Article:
The below scripts can be updated to join on the user table ([EDDS].[eddsdbo].[User]) to map user names or email addresses to the user artifact IDs:

--AverageLatency (lower average total latency is better)
SELECT UserArtifactID, EmailAddress, AVG(CAST(Latency AS BIGINT)) as AverageTotalLatency
FROM [EDDS].[eddsdbo].[WebClientPerformance] (NOLOCK)
INNER JOIN [EDDS].[eddsdbo].[User] (NOLOCK)
ON [EDDS].[eddsdbo].[User].[ArtifactID] = [EDDS].[eddsdbo].[WebClientPerformance].[UserArtifactID]
WHERE StartTime >= ‘2014-11-01 00:00:00.000'
GROUP BY UserArtifactID, EmailAddress
ORDER BY AverageTotalLatency DESC

--BytesPerMillisecond (higher bytes per millisecond is better)
SELECT  UserArtifactID, EmailAddress,
              SUM(CAST(DownloadBytes AS BIGINT)) as TotalDownloadBytes,
              SUM(CAST(DownloadMilliseconds AS BIGINT)) as TotalDownloadMilliseconds,
              SUM(CAST(DownloadBytes AS BIGINT)) / SUM(CAST(DownloadMilliseconds AS BIGINT)) as BytesPerMillisecond
FROM [EDDS].[eddsdbo].[WebClientPerformance] (NOLOCK)
INNER JOIN [EDDS].[eddsdbo].[User] (NOLOCK)
ON [EDDS].[eddsdbo].[User].[ArtifactID] = [EDDS].[eddsdbo].[WebClientPerformance].[UserArtifactID]
WHERE StartTime >= ‘2014-11-01 00:00:00.000'
GROUP BY UserArtifactID, EmailAddress
ORDER BY BytesPerMillisecond ASC

After running this script, you’ll get something like the following:

Viewer Performance Tools Script 2 Results

We can see in the above example output that the users email addresses are now included.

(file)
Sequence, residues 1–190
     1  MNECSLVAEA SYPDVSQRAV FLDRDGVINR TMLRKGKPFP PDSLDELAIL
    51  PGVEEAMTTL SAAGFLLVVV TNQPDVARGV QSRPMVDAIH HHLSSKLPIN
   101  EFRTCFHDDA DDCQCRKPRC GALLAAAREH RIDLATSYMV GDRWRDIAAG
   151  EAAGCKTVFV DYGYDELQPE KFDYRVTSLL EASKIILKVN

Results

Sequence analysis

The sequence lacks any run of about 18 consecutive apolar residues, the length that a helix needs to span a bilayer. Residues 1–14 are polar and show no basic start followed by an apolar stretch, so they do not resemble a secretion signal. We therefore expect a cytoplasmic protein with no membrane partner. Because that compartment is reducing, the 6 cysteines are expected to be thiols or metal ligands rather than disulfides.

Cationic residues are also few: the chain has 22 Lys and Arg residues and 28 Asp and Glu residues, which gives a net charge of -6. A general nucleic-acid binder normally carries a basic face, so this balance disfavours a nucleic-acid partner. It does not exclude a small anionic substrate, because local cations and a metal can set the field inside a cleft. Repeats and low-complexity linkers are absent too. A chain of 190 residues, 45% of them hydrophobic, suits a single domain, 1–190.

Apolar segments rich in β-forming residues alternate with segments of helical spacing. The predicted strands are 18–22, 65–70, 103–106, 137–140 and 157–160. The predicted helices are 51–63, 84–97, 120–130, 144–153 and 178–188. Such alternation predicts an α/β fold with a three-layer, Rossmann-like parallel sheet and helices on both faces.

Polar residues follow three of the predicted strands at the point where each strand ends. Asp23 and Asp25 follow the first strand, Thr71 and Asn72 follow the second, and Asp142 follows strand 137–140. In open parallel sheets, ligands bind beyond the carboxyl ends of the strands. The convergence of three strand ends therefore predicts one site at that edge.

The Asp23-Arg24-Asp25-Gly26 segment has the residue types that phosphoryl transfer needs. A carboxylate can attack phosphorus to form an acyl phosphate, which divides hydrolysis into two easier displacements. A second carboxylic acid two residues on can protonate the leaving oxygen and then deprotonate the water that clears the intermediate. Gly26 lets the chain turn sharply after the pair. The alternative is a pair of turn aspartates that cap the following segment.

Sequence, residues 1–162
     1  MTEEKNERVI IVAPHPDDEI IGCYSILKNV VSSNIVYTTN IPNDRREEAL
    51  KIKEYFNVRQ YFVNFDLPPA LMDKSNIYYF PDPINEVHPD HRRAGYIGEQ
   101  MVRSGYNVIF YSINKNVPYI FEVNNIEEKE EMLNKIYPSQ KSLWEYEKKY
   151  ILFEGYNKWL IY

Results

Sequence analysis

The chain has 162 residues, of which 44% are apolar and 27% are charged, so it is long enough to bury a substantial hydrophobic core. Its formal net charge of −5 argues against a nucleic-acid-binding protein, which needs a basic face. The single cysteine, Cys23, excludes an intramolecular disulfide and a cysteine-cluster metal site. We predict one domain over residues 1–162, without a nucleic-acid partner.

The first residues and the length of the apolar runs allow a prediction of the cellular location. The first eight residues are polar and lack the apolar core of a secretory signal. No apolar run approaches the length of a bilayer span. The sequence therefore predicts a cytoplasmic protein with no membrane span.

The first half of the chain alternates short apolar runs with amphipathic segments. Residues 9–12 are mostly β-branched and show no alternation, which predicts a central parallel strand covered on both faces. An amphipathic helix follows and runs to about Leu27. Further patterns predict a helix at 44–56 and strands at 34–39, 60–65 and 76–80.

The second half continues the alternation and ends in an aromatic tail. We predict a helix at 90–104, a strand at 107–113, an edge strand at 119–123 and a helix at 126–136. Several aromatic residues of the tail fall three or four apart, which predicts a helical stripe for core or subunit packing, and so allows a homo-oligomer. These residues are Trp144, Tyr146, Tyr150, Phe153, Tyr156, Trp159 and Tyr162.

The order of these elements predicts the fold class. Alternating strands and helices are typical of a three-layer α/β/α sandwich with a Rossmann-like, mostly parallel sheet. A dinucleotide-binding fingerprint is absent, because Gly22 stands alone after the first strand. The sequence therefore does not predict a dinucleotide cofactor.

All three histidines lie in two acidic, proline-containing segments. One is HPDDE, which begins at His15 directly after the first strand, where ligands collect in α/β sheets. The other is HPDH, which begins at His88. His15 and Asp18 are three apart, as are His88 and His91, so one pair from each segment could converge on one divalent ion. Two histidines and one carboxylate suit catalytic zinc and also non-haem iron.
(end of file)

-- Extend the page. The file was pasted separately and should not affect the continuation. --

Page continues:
It’s worth noting that the new HTML 5 viewer in Relativity 9 does not currently write to this table. However, the Active X viewer is still available in Relativity 9 and can be enabled per environment or per user. The ActiveX control’s behavior with respect to writing to the web client performance table is the same as it was in Relativity 8.2 and prior. See the Relativity Administrator Manual in the Customer Portal for more information regarding this setting.

Relativity 9 introduced a zero-footprint viewer, meaning there are no downloads, plug-ins, or installations required to get to work in Relativity. The files are now converted on the server side instead of the client. This allows us to support the latest versions of Internet Explorer, Safari, and Chrome. Since files are now converted server-side, we introduced a new logging mechanism and store the data in a new table called the ConvertedCacheFile table.Included in this new table is an XML column called Details that currently tracks three things:

  1. The version of the third-party component used to do the conversion (for natives, Oracle WebExport; for images/productions, PDFNet SDK).
  2. The ID of the user who kicked off the conversion.
  3. The amount of time the third-party component(Oracle or PDFTron) spent converting, in milliseconds.

Using XML allows us to add more to this column in the future.

You can determine the size and type of files converted by joining back to the Document and File tables. This information can be useful in analyzing how long the system takes to convert and cache files for review. You can optionally filter on specific file types or other data points and trend these numbers over time to see how the system performs as you scale.

These tables help provide insight into viewer performance and the user experience. They can be useful in diagnosing issues and identifying problem areas.

As always, feel free to contact us if you have any questions.